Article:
Darren Criss, far from 'Glee,' takes darker turn as Gianni Versace's killer

Bill Keveney
Darren Criss plays killer Andrew Cunanan in FX's 'The Assassination of Gianni Versace: American Crime Story.'

Darren Criss doesn’t have to worry that he’ll be forever typecast as that cute, preppy singer from Glee.

FX's limited series, The Assassination of Gianni Versace: American Crime Story (Wednesday, 10 ET/PT) roughs up that wholesome image.

Versace, a follow-up to 2016's Emmy-winning O.J. Simpson courtroom saga, recounts Cunanan’s 1997 murder spree, which claimed five lives as the 27-year-old traversed the country, ending with the iconic fashion designer outside  his mansion in Miami Beach.

Criss, 30, best known as Warblers singer and Kurt’s lover (and eventual husband) Blaine Anderson on Glee, reunites with executive producer Ryan Murphy on a darker story with a bigger, weightier role.

"I had a great time doing Blaine, (but he) is part of a more ensemble piece," he says.  "It was nice to be on a bigger playing field with Ryan and to get our hands dirty."

Fashion designer Gianni Versace (Edgar Ramirez) is murdered by Andrew Cunanan in the latest edition of FX's 'American Crime Story.'

Murphy said Criss was the first actor he cast for the pivotal role in Versace, based on Maureen Orth's book, Vulgar Favors. The high-powered cast also includes Oscar winner Penélope Cruz as Versace's sister, Donatella, and Ricky Martin as his partner, Antonio D'Amico.

Criss acting against his Glee image works well in Versace, executive producer Nina Jacobson says.

People might ask, “How could that (Glee) guy be this guy? (just as) the people who knew Andrew said, ‘How can that guy be this guy?’ “ she says.

Criss has a likability but also an ability to go darker, Jacobson says. “Andrew was not your garden-variety psychopath, torturing animals as a child. He was well-liked, warm, connected to people. To watch his descent and see his humanity but still never excuse his actions, I thought Darren just had that: the glibness, on one hand, and the depth.”

Criss, a San Francisco native who has been playing musical instruments since childhood, likens being part of the troupe Murphy calls on for his various projects to the repertory nature of the American Conservatory Theater, where he was accepted to a youth program.  

Darren Criss, center, first gained fame playing Blaine Anderson on the Fox musical-comedy, 'Glee.'

Criss says Murphy first mentioned the Cunanan role to him three years ago. 

“Lady Gaga had just been announced to do American Horror Story, and so I remember jokingly saying to him, ‘Well, let me know if you need a wily bellhop to run around.’ I was kind of joking — but not,” says Criss, who appeared in two episodes of that season's AHS: Hotel. “He said, ‘I’m doing this O.J. (story). It’s more of a courtroom drama and I really want to do a manhunt. I want to do this Versace-Cunanan story. How much do you know about him?' ”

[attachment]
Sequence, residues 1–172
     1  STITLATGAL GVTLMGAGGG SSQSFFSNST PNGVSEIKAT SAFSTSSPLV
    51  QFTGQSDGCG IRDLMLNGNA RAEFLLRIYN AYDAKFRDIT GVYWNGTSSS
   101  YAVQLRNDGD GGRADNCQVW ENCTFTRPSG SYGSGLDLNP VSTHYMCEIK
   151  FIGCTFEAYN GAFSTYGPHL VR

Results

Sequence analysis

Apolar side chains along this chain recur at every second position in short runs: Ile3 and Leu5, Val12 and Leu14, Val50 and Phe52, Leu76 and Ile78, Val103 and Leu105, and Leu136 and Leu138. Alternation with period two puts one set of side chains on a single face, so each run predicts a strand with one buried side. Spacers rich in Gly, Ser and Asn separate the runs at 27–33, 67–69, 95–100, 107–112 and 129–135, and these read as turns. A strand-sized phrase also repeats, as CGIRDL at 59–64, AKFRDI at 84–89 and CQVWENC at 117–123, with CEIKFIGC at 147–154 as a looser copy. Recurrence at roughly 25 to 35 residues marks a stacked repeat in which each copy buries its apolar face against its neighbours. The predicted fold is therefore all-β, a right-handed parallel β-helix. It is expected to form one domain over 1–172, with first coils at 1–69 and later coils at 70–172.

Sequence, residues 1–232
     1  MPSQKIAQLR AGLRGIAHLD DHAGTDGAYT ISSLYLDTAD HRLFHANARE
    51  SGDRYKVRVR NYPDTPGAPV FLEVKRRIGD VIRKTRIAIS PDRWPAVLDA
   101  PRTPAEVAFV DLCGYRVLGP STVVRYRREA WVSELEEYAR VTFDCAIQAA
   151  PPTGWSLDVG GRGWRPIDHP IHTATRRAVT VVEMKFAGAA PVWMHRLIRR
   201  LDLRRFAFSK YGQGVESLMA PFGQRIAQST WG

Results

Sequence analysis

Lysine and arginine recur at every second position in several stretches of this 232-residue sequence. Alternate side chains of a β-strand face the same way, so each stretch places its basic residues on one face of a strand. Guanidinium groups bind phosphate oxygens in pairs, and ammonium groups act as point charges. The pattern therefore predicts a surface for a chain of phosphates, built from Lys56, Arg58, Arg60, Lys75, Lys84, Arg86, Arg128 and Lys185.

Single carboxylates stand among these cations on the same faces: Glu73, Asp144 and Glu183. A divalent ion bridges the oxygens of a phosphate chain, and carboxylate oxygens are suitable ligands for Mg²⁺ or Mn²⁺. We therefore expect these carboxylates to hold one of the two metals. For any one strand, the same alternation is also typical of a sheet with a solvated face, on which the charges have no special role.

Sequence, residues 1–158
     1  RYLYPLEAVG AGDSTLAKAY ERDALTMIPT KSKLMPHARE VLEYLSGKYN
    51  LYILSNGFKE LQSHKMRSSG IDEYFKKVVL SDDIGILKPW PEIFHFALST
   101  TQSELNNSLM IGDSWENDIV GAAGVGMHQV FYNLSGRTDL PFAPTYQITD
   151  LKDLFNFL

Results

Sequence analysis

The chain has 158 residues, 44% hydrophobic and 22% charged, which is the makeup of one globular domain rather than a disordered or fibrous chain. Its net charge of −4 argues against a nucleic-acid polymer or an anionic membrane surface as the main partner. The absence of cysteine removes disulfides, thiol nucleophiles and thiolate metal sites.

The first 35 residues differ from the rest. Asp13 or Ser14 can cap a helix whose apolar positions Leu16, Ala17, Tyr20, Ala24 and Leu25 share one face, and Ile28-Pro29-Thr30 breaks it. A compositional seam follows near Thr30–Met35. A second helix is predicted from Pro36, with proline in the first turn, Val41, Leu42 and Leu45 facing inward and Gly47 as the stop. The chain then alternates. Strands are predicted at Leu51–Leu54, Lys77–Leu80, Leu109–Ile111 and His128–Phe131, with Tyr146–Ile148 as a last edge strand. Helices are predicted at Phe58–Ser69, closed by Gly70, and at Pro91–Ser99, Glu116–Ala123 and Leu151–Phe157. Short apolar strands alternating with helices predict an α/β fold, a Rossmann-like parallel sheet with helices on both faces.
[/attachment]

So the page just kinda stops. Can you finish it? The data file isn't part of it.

Criss felt an obligation to understand the well-educated gay man, whom the series portrays as initially killing out of personal passion but later adopting more political motives. Versace, one of the most prominent openly gay men of that time, was his final victim before he took his own life on a houseboat a week later.

More:How we covered the real assassination of Gianni Versace

“It’s my job to be empathetic. If I set out to paint him as a monster, then there’s no point in telling the story. This isn’t a Bond villain,” he says.

Criss shares some surface similarities with Cunanan: Each is from California, has a parent from the Philippines and is college educated. 

Annaleigh Ashford Darren Criss and Nico Evers-Swindell star in 'The Assassination of Gianni Versace: American Crime Story.'

With an education, friends, a gift for storytelling (or lying) and no history of social problems, why did Cunanan become a murderer?  

Orth suggested the young man was willing to kill to become famous and that he envied Versace, who had the fame, riches and romantic relationship he desired.

That contrast is emphasized in Versace, writer Tom Rob Smith told the Television Critics Association. 

"This is a story of two men born in very different circumstances, a lot of similarities, both gay, both understood that they could be destroyed at any point, and how one person navigates that destruction by building this amazing empire and how he protects against homophobia by surrounding himself with money and power and success, and (how) someone else who fails to do that, who is then destroyed."

Cunanan had disadvantages and setbacks that many others encounter without suffering such "an extreme fall from grace," Criss says. "There are things that happened with him that would have changed most people and made them think about their lives differently, whereas Andrew, instead of facing reality, continued to cover it up with more lies and more fantasy that would ultimately" lead to tragedy.